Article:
There has already been some serious business this week. The first pick in the draft is locked up with Jake Long going to Miami. The Jared Allen trade to the Vikings has stirred up the first round and the Chiefs may be much more flexible about trading out of the No. 5 spot. I also believe they are getting a lot of calls about the 17th pick they received in the deal.
</center> Where do Pat Kirwan, Vic Carucci, and Mike Mayock differ in their picks for the first round?
More mock drafts:
» **NFL.com's 2008 mock draft**
» **Charles Davis' top-10 picks**
Lito Sheppard, Jeremy Shockey, Fabian Washington and a few other veterans could also stir up the selection process.
Recently, we witnessed a few players admitting to failed drug tests, another player having heart surgery and the last of the pro days reshaping the first day of the draft. As late as Thursday, teams were still flying around the country to get a final peak at candidates.
The wild card in the first round is still Boston College quarterback Matt Ryan, who could go at any number of spots in the opening round. There are varying opinions on Ryan and club executives in search of a quarterback can't waste much time comparing him to quarterbacks of years past. They need to ask themselves the question: If we pass on Ryan is there any guarantee we will get a player of equal or better talent next year? If he upgrades your team, it will be very hard to pass on him this year.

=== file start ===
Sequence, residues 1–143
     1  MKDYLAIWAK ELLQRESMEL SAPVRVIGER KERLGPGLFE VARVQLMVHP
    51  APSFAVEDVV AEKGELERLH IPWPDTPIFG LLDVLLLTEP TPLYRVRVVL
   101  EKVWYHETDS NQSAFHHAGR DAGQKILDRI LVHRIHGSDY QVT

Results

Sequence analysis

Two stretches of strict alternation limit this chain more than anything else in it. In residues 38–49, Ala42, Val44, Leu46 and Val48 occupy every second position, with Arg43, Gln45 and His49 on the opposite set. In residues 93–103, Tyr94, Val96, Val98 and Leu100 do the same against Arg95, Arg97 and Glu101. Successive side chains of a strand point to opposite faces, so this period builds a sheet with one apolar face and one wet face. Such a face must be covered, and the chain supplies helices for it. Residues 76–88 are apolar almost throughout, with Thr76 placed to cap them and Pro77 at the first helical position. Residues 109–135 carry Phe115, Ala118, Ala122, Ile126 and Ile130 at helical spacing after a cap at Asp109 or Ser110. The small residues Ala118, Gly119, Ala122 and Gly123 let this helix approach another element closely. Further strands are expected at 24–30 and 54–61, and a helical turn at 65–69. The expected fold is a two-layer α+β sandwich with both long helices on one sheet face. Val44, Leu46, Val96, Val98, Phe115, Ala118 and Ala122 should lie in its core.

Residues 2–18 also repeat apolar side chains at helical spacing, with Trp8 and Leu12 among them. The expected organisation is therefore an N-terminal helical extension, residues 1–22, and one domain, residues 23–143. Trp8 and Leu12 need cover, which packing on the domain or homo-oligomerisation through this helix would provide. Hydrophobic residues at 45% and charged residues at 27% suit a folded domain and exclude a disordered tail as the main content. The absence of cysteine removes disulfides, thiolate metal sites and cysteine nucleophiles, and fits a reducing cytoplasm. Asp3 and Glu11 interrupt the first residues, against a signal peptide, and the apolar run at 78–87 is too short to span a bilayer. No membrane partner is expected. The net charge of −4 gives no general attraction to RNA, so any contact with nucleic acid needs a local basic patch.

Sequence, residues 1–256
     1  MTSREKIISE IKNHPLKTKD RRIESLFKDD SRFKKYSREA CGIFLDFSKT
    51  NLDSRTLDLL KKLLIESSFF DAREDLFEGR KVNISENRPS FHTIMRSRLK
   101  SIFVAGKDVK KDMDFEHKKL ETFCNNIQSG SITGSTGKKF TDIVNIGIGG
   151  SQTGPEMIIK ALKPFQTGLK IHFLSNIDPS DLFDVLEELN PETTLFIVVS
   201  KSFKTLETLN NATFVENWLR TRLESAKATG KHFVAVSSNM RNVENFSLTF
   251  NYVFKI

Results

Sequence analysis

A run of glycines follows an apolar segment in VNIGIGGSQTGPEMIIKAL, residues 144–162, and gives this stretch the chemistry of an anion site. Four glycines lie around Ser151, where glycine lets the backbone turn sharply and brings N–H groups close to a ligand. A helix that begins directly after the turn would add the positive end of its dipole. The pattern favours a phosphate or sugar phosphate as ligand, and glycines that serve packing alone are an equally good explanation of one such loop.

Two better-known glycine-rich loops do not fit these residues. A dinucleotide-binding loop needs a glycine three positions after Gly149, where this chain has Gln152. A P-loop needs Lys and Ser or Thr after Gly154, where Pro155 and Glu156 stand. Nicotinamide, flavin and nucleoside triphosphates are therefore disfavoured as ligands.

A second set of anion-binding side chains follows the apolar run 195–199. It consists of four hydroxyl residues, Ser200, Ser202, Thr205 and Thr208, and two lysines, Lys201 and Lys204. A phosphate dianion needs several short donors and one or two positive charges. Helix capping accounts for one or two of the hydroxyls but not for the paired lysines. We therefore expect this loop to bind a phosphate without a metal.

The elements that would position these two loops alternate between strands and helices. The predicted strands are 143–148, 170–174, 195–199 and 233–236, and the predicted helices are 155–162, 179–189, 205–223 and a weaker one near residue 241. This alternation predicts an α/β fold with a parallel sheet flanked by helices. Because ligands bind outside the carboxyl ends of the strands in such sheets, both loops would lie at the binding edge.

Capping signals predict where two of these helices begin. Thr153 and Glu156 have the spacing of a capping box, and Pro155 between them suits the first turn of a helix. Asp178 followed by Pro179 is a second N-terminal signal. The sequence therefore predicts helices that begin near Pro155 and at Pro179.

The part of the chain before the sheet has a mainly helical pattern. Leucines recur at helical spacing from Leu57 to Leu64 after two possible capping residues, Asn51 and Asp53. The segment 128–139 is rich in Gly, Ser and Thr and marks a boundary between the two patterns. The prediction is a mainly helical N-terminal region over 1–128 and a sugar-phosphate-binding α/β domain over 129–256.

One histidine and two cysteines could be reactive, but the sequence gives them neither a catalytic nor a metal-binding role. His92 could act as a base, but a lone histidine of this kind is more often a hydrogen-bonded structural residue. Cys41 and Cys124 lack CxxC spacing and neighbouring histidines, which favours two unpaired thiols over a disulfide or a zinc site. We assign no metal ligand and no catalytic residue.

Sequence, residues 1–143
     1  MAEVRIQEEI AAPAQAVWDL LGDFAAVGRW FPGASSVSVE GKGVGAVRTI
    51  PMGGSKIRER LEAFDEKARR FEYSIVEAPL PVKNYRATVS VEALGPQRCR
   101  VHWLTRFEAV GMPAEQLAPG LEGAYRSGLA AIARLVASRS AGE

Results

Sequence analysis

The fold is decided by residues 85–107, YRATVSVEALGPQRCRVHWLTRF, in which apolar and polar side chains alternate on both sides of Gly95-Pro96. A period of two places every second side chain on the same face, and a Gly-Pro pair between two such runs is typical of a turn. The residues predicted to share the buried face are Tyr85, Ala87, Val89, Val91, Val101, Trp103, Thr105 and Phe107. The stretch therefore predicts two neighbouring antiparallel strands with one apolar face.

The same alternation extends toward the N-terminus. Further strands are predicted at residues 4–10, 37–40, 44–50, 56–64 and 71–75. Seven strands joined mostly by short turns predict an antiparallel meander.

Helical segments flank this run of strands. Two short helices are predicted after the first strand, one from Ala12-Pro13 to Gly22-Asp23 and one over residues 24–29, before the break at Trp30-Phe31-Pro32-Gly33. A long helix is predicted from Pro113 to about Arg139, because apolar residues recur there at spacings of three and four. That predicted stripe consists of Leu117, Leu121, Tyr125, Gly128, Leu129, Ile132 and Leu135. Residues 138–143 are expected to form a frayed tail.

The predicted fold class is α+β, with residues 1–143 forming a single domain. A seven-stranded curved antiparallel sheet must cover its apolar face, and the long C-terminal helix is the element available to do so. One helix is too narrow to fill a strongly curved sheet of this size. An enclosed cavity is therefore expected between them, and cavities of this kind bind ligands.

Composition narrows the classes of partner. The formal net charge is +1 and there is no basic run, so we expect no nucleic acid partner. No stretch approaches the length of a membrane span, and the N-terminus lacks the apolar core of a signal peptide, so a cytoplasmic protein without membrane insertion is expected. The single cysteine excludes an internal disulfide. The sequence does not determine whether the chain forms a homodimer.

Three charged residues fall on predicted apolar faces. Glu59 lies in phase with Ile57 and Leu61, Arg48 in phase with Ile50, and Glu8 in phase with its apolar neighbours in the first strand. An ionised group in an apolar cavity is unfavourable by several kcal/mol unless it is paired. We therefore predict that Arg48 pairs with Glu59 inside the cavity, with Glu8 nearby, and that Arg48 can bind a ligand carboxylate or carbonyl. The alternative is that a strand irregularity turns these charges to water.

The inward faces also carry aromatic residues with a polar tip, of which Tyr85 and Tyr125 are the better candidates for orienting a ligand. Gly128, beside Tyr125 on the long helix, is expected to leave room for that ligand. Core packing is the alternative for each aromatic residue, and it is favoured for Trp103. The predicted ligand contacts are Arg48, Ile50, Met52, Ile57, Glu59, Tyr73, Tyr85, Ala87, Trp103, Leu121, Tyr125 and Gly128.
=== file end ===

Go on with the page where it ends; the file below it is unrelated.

Atlanta, Kansas City, Baltimore and at least one other team have a very serious decision to make and it isn't going to be easy. History says the quarterback debate takes center stage in the hours leading up to the draft. Banking on Brian Brohm, Chad Henne or Joe Flacco being there in the second round is risky business. Not to mention, if those clubs believe Ryan is the best prospect than how can they wait?
I get the sense that a few of the decision makers on draft day are struggling with medical and/or off-the-field issues and for good reason. There's just too much money involved to take the risk anymore. Now that Long has taken a five-year deal from Miami instead of the traditional six-year deal at the top of the first round, the climate has changed dramatically.
A safe pick is going to trump a guy with great talent who may also present a risk. One-year wonders are another concern that seem to be on the mind of personnel directors with little time left before the draft. The Jake Long pick by the Dolphins sends a big message about how clubs look at the draft these days. Be safe and get the guy who has done it over time.
- The Colts first pick is late in the second round and they could do one of two things. If they see a player still on their board with a solid first-round grade as the second round starts, they could trade next year's first round pick to get him. They did it last year with offensive tackle Tony Ugoh and they got a first-round player for second-round money.
For example, if they graded defensive tackle Trevor Laws from Notre Dame with his 224 tackles as a fit for their scheme and his grade fit that philosophy, then why not go get him? Indy's first-round pick in 2009 shouldn't be much better than that and they save a bunch of money.